On June 3, the Syrian people cast their votes for a new president amidst an ongoing civil war. How will the election results impact the prospects for a political solution?
If Sisi manages to rebuild the Egyptian state, its citizens will be coping with—and debating—his project for many years to come.
As the United States responds to the ascension of Sisi to the presidency, Washington should limit security cooperation to only the most critical issues, restructure U.S. assistance away from the Egyptian military and toward the people, and adopt public and private U.S. positions in favor of real democracy and prosperity for all Egyptians.
The Syrian presidential election is not free or fair. It is Bashar al-Assad’s attempt to legitimize his presidency.
A key objective for Bashar al-Assad in his third presidential term is presenting his crackdown on Syrian opposition groups as a fight against jihadism. In doing so, Assad is betting on the eventual support of the international community in this new “war on terror,” which would secure his position in power.
Just three years ago, it appeared that dictatorships in the Middle East might become replaced by democracies. Now, these same regimes have found ways to use the electoral process to maintain power or attain it.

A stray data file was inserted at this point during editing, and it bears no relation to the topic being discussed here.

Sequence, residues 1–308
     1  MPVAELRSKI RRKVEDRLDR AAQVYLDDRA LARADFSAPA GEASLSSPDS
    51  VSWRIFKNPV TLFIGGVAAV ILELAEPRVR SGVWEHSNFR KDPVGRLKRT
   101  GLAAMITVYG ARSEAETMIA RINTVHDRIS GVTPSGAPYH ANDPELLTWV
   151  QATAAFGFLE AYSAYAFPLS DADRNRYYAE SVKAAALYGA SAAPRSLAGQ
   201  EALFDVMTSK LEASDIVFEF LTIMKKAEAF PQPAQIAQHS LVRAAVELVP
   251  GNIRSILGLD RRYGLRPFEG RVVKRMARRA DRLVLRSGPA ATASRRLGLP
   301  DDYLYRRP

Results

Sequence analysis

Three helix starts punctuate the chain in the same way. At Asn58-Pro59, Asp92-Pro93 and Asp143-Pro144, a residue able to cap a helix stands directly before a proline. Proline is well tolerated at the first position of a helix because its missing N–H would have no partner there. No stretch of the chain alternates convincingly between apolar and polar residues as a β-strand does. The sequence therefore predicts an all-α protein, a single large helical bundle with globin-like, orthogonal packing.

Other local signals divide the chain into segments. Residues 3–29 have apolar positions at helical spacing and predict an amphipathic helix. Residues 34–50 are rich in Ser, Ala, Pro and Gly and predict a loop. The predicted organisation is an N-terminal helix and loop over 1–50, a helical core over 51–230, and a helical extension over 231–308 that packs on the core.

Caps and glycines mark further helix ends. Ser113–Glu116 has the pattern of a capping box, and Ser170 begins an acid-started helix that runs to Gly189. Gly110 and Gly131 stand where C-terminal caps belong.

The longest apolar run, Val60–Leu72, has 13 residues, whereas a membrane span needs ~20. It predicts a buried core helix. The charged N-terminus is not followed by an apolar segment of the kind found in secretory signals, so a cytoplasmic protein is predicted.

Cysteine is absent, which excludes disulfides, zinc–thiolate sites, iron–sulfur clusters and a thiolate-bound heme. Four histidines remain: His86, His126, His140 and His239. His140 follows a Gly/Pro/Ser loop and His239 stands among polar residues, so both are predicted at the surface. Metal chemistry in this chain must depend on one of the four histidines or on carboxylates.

Expectations for diplomacy with Iran have gotten out of hand in some quarters, abetting political polarization over this issue which has increased the possibility that a final accord with Iran will not come about or succeed.
The Lebanese parliament has failed to find a successor to outgoing Lebanese President Michel Suleiman. This can only result in further political and social polarization.
Across the Arab world, states are emerging scarred by conflicts and revolutions. These states are often in dire need of national reconciliation efforts.
Thousands have flooded the voting booths for the Syrian presidential elections in places like Lebanon and Jordan.